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Charity reports rise in online pets coming through its doors
Twelve-week-old Truffle, who was taken to Battersea in December last year after his owner saw an internet advert and met the seller at a train station.

Public urged to do research and consider adopting a pet instead

Battersea Dogs and Cats Home is urging the public not to impulse buy pets, after revealing that it took in more than 400 dogs that were bought online last year.

In total, the charity took in 404 dogs that were originally bought online in 2018 - up from 355 in 2017. Whilst some of these were much-loved pets, others were brought to the charity after their owners bought them on a whim, before realising they could not care for them properly.

One example is 12-week-old Truffle, who was taken to Battersea in December last year after his owner saw an internet advert and met the seller at a train station. His new owner quickly realised she had underestimated what having a puppy would entail and found she could did not have the time to look after him.

Although the online ad promised that Truffle was microchipped and vaccinated, Battersea vets soon discovered this was not the case. They strongly suspected he had come from a puppy farm. Truffle has since been rehomed with a new family.

The charity is urging people to do their research before buying a pet to avoid fuelling backstreet breeders, or to consider adopting instead.

Battersea’s centre manager Steve Craddock said: “You can now buy an animal in seconds and it’s very tempting to be sucked in by the cute photos.

"Online pet sales have become a huge industry and research shows that a new dog advert is created online every two minutes, while a cat advert goes up every four minutes. Sadly, the reality can be very different from the pictures and it’s difficult to know if the animal you’re getting will match up to the advertisement.
 
“It’s animal rescue centres that then pick up the pieces and so we’re asking people to, please, think before you click and remember that a pet is a huge responsibility. Better yet, consider coming into Battersea and adopting one of the many dogs here looking for a home.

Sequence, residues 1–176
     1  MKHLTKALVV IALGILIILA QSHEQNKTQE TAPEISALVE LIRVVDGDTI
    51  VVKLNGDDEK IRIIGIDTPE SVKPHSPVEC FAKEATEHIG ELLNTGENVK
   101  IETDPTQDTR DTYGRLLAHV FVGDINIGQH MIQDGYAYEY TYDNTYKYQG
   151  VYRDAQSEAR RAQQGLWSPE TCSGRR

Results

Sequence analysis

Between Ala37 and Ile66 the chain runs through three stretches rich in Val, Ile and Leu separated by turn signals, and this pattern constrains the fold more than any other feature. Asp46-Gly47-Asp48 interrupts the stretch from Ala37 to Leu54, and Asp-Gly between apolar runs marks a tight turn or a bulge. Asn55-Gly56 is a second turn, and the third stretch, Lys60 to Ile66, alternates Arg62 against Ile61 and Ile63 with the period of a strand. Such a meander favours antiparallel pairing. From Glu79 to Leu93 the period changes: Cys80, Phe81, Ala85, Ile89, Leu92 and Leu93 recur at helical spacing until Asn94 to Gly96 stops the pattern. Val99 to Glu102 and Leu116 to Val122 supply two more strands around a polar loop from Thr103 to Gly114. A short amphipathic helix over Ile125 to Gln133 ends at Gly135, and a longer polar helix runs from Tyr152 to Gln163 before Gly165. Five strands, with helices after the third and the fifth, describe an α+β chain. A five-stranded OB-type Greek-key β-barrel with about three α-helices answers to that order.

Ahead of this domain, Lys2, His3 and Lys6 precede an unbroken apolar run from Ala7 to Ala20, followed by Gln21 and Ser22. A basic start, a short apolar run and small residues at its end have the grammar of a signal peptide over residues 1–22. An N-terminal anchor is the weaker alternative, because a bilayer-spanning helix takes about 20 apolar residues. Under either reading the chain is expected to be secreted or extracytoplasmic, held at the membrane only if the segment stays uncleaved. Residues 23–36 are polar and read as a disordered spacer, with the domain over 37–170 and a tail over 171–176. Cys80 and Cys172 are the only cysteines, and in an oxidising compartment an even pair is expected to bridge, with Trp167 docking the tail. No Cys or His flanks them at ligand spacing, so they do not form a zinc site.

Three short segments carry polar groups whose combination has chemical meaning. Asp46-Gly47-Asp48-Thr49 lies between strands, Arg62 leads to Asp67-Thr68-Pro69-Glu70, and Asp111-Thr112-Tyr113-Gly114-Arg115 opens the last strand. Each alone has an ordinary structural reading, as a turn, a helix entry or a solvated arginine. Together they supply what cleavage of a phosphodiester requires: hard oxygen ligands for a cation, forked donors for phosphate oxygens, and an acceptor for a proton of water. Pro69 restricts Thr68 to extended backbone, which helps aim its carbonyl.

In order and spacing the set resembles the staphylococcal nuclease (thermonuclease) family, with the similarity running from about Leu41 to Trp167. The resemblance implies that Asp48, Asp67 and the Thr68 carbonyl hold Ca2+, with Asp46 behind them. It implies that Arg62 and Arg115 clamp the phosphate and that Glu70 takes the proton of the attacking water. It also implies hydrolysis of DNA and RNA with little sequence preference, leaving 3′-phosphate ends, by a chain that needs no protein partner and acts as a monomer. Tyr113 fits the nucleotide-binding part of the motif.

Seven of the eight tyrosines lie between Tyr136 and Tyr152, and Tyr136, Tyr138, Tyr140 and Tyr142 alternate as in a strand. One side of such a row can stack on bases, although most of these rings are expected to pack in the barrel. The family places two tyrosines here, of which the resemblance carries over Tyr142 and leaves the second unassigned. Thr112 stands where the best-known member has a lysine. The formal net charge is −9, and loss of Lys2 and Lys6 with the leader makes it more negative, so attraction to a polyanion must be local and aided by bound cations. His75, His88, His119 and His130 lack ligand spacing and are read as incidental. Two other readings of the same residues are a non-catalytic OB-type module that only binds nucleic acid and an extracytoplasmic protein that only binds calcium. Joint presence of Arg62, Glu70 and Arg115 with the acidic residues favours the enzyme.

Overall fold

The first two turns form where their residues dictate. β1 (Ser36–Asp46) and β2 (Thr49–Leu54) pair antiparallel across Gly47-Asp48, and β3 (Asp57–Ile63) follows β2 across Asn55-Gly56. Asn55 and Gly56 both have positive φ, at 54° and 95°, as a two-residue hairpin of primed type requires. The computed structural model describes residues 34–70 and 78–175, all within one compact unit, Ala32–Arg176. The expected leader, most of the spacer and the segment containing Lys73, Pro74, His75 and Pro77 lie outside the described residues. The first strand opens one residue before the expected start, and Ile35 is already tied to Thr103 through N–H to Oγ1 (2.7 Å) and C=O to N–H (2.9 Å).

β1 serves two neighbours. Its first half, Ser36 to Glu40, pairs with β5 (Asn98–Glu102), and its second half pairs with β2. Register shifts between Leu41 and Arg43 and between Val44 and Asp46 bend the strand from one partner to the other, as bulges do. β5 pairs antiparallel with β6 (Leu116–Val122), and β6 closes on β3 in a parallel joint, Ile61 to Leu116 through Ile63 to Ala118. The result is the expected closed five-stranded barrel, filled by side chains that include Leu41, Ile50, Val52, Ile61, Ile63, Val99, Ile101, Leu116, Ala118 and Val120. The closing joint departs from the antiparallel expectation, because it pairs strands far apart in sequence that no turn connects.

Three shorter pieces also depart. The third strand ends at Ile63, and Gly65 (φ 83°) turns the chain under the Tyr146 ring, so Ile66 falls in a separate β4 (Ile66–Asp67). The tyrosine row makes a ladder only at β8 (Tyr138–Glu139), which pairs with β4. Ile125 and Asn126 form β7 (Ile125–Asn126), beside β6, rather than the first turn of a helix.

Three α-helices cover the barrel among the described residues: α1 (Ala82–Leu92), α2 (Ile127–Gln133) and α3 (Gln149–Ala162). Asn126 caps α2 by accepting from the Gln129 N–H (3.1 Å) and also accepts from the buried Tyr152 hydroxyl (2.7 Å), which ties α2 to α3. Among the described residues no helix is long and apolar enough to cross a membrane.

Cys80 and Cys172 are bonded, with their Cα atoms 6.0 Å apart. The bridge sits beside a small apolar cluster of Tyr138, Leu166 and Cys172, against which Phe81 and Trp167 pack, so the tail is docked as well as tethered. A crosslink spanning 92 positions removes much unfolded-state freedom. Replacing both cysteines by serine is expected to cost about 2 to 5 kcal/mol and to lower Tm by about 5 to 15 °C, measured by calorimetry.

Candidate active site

"All our animals have had thorough medical or behavioural assessments, so you’ll know exactly what you’re getting."

Image © Battersea Dogs and Cats Home

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Endangered turtles rescued from smugglers

News Story 1
 A group of endangered turtles have found a new home at London Zoo after being rescued from smugglers.

The four big-headed turtles arrived at the zoo at the end of last year, after smugglers tried to illegally import them to Canada, labelled as toys.

One of the turtles, named Lady Triệu after a Vietnamese warrioress, has moved to a new exhibit in the zoo’s reptile house. She is the only one of her kind in a UK zoo.

Big-headed turtles have such large heads that they cannot pull them back into their shells. To compensate, they have armour plating from head to tail and a very sharp beak to fend off predators. They are ranked number 18 on ZSL’s EDGE of Existence reptile list, which puts threatened species at the forefront of conservation action. Image © ZSL  

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RCVS Fellowship board chair elections get underway

Voting for the 2019 RCVS Fellowship Chair election is now underway. This year four candidates are standing for election, including Dr Robert Huey, Professor John Innes, Professor Liz Mossop and Professor Ian Ramsey.

The Chair will attend and preside over Fellowship meetings and take the lead in consolidating the Fellowship’s position as the learned society of the RCVS. Fellows will receive an email containing a link to the online voting form, as well as candidates’ details and manifestos. Voting closes at 5pm on Thursday, 5 September.